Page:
A skeuomorph /ˈskjuːəmɔrf/ is a derivative object that retains ornamental design cues to structures that were necessary in the original. Examples include pottery embellished with imitation rivets reminiscent of similar pots made of metal and a software calendar that imitates the appearance of a binding on a paper desk calendar.
Skeuomorph is compounded from the Greek: skeuos, σκεῦος (container or tool), and morphê, μορφή (shape). The term has been applied to material objects since 1890 and is now also used to describe computer and mobile interfaces.
A similar alternative definition of skeuomorph is “a physical ornament or design on an object made to resemble another material or technique.” This definition is broader in scope, as it can be applied to design elements that still serve the same function as they did in a previous design.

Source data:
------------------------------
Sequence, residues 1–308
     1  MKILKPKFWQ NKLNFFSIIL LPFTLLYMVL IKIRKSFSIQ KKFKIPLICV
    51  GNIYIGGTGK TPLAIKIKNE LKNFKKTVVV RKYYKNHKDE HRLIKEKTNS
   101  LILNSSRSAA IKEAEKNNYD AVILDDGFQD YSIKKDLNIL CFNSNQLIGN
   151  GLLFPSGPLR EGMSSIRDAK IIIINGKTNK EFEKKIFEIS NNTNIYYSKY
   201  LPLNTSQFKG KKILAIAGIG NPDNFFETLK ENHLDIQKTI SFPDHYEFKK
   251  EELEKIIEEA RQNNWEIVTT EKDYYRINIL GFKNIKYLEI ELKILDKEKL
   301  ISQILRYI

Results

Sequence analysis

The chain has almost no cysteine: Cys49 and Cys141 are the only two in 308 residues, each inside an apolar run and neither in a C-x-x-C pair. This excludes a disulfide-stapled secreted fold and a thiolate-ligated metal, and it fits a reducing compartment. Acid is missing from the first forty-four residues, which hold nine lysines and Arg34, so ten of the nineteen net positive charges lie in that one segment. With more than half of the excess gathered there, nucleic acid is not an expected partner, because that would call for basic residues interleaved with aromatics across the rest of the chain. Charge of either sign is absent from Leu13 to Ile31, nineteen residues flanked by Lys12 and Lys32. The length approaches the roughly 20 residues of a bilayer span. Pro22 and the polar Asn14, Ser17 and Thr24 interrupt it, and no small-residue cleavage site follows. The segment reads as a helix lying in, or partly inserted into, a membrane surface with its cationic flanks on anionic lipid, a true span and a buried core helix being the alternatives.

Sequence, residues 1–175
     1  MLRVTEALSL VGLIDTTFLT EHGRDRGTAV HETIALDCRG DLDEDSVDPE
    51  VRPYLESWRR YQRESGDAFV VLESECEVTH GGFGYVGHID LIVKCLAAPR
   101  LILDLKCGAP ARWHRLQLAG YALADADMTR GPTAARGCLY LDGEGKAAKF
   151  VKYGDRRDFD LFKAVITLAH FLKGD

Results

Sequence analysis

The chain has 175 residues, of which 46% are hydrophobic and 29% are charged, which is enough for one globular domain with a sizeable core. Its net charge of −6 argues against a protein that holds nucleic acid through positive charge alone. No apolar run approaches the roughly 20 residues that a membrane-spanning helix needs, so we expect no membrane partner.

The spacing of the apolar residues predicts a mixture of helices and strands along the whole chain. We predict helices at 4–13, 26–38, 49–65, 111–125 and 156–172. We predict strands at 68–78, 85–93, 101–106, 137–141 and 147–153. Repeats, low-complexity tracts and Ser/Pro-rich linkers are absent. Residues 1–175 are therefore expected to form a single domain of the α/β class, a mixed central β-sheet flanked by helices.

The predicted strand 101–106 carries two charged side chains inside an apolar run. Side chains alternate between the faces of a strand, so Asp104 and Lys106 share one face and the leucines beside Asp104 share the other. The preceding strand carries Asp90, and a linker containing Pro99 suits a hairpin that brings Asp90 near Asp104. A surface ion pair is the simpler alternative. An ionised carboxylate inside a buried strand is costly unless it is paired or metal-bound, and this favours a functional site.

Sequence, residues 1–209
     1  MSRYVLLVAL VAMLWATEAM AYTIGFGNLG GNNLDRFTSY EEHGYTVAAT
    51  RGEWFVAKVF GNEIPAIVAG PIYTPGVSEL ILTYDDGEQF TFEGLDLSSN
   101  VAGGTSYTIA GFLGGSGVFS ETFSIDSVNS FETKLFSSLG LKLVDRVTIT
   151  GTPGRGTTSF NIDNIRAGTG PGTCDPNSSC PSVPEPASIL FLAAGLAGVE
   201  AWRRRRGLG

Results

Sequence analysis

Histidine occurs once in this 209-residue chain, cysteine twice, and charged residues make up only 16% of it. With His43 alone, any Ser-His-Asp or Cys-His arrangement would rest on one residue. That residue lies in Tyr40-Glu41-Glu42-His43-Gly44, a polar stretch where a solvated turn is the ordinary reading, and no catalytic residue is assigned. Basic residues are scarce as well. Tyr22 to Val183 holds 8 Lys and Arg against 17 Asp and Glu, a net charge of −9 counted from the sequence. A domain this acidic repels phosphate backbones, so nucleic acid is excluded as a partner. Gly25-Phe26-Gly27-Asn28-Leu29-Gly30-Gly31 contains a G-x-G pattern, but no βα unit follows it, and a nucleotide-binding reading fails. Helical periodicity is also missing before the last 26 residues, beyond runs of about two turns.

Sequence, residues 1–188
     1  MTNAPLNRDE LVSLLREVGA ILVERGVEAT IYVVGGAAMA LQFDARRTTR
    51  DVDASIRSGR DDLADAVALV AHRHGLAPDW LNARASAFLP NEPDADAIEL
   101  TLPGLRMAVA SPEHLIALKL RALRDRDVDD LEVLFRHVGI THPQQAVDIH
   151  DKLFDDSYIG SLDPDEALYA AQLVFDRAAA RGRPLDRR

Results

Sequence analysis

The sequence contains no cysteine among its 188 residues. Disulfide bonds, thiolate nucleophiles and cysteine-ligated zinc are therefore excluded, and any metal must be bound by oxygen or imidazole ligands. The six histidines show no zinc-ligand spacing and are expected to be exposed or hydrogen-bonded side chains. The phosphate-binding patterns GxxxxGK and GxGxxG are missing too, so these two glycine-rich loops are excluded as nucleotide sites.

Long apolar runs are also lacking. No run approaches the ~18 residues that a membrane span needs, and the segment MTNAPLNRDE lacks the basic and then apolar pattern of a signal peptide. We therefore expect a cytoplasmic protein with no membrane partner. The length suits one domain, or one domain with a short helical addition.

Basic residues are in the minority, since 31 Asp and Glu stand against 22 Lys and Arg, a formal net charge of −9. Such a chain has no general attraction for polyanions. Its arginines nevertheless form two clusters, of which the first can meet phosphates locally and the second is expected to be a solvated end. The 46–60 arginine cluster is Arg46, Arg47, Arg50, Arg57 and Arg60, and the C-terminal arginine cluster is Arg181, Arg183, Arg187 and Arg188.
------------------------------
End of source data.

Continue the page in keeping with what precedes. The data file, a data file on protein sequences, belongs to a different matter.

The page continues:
Skeuomorphs are deliberately employed to make the new look comfortably old and familiar, or are simply habits too deeply ingrained to wash away. Donald Norman, an academic in the fields of design, usability, and cognitive science, describes cultural constraints, interactions with the system in question that are learned only through culture, that give rise to skeuomorphism. Norman also popularized perceived affordances, where the user can tell what an object provides or does based on its appearance, which skeuomorphism can make easy.